Language Lab Levels & Other Vernacular


Language laboratories over time have often been referred to as having a "level," meant to be a descriptor regarding the broad teaching/learning capabilities of a lab's primary equipment systems. These level designations were prominently used by equipment vendors in the 1980s and 1990s, suggesting a possible manufacturer-centric origin for the terms. In any event, the descriptors were adopted by language laboratory facilities and became part of the professional vernacular.

  • Level I—this is the most simple of levels, denoting the rudimentary ability to play an audio track, without the ability for the student to affect useful control.
  • Level II—this level includes the function of the student being able to replay audio material at will (rewind, repeat).
  • Level III—this level adds the important function of the student being able to record their voice, allowing comparison to a teacher track.
  • Level IV—this level recognizes the digital realm and various technologies being integrated into lab systems, including the ability to utilize myriad types of media (traditional and digital video and audio material), modern computer formats for documents (.pdf, .rtf, .doc), graphics and the like, as well as to incorporate more complex instructor tools, such as authoring systems. While not all Level V labs are purely digital, they do have broad, advanced capabilities in various combinations.
  • Level V—this level integrates advanced digital capabilities, and virtual connections such as cloud-based complimentary systems, educational content managers, and mobile technology capability. While all Level V systems are digital (with only analog accessories, such as video players or cameras), not all digital facilities are Level V. The ability to virtualize, use Internet-based schema, and provide the instructor with a full-spectrum toolkit are the hallmarks of a Level V lab.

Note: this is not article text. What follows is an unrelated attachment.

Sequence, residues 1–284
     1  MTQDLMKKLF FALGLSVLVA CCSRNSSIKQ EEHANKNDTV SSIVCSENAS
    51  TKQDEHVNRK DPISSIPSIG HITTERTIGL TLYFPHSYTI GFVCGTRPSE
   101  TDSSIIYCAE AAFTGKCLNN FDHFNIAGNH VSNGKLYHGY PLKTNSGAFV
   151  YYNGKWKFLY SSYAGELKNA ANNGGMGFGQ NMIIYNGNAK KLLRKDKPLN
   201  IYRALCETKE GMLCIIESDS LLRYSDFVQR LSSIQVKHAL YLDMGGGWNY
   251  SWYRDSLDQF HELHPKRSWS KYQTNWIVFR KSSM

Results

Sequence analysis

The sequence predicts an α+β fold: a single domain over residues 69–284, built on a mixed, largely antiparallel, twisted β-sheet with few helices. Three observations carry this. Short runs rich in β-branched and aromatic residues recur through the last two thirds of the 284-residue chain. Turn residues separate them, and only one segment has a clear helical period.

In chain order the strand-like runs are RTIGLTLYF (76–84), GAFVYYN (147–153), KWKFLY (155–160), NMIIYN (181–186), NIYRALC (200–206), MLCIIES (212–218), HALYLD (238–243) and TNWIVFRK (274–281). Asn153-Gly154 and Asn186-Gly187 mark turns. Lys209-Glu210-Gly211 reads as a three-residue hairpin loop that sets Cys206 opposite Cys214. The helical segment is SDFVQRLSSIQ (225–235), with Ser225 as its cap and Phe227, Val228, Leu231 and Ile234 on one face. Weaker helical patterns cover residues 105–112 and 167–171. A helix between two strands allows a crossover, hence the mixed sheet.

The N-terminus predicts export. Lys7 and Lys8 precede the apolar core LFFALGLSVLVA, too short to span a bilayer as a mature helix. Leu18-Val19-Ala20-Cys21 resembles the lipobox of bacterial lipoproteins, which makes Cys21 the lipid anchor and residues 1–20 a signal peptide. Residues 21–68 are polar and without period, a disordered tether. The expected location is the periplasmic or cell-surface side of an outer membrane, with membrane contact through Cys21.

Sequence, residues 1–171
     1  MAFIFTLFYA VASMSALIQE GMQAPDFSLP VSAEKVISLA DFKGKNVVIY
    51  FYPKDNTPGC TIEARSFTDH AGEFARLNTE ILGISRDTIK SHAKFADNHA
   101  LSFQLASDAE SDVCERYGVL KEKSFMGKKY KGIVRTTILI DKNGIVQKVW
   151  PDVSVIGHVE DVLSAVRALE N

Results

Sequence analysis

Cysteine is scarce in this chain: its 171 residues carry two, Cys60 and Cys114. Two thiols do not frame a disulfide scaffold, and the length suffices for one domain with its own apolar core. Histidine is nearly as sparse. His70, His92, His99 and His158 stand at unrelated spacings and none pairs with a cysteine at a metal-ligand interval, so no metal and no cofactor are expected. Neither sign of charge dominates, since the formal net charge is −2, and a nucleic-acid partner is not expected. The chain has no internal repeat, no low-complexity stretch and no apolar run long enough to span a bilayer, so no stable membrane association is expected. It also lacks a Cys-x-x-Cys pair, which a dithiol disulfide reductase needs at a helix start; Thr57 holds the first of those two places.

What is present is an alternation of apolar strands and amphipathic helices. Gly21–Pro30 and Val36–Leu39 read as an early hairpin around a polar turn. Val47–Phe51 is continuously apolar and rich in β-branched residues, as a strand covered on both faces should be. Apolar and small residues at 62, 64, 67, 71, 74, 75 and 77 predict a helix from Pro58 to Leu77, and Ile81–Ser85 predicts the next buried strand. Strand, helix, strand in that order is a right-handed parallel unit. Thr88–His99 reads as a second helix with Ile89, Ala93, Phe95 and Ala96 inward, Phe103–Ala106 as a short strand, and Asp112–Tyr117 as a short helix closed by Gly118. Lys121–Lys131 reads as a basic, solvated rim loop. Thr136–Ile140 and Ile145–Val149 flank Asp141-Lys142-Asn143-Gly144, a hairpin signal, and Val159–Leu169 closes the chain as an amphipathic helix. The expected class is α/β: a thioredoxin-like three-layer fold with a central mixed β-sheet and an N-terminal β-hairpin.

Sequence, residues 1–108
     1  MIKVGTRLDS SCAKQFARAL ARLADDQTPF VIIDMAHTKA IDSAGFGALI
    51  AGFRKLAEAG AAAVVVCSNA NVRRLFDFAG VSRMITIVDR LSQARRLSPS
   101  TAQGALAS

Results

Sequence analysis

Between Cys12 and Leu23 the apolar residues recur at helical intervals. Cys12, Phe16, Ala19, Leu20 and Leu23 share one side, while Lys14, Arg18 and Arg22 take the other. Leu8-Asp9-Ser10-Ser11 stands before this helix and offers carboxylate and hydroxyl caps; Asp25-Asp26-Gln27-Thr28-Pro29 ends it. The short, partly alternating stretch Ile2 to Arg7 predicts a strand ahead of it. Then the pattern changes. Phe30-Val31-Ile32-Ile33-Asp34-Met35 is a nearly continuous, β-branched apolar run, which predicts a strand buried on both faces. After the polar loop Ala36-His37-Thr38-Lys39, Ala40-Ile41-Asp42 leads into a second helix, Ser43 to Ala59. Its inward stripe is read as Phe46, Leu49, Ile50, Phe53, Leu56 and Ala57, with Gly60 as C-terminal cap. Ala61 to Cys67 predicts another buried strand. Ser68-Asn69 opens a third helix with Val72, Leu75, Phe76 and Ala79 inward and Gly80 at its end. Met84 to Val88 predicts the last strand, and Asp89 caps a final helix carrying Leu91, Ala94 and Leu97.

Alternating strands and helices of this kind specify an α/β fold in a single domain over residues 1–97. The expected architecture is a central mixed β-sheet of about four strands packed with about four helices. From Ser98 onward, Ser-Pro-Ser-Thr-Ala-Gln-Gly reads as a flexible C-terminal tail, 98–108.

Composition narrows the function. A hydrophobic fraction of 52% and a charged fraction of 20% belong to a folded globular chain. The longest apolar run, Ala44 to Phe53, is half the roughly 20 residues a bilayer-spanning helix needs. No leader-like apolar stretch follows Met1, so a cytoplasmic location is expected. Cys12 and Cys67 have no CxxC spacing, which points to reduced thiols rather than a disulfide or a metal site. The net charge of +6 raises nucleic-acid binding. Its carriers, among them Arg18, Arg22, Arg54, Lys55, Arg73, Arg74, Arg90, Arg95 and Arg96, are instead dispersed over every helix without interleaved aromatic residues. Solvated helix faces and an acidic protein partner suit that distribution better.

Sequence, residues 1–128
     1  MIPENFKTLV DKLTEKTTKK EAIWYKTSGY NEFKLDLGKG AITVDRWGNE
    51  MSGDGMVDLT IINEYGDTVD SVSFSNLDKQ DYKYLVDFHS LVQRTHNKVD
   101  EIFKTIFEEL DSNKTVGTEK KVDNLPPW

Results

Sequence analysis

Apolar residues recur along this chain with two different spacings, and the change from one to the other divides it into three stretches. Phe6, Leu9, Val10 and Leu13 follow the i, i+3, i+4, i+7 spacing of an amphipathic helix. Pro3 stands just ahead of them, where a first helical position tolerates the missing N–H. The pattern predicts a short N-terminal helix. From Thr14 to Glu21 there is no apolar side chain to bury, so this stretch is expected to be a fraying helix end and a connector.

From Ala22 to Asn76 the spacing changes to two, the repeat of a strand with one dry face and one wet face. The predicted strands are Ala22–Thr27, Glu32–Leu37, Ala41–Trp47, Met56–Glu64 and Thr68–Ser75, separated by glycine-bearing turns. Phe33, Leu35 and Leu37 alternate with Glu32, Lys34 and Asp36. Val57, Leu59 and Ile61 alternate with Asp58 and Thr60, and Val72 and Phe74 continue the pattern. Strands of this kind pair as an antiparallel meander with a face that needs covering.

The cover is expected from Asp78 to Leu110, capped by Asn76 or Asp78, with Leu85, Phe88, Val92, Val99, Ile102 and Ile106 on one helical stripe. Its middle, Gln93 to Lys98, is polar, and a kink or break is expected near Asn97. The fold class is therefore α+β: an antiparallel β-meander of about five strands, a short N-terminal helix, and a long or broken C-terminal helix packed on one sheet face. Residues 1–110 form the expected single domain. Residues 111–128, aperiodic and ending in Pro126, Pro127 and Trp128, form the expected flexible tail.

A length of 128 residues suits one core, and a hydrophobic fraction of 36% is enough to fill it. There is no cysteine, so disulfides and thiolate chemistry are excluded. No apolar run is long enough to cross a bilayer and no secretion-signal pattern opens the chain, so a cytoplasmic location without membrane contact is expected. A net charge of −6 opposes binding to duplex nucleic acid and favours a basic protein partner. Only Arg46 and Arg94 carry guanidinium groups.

Vintage face plate for dial-a-language lab system

The aptly given nickname "dial-a-language" denotes old lab systems (late 1960s into the late 1970s) which used analog channel switches to route audio signals to (and occasionally, from) student stations to master recorder decks. Such schema typically included the playing of audio material (sometimes on arbitrary schedules) to which students could listen by selecting the corresponding channel.

These systems were most appropriate in group settings, when a class might collectively listen to an audio track (of a workbook lesson, for instance) and follow along together. Despite its leanings in this direction, there were attempts to play various lessons during a variety of times, for individual student study outside of class. The plan included students checking into the facility and joining the recording (often well in progress), in hopes of following along in some productive manner. In this vein of use, these systems had obvious issues and a number of limitations, and though they were somewhat difficult for students to utilize independently, they were nonetheless an ardent stride forward in the pursuit of providing technology to students.

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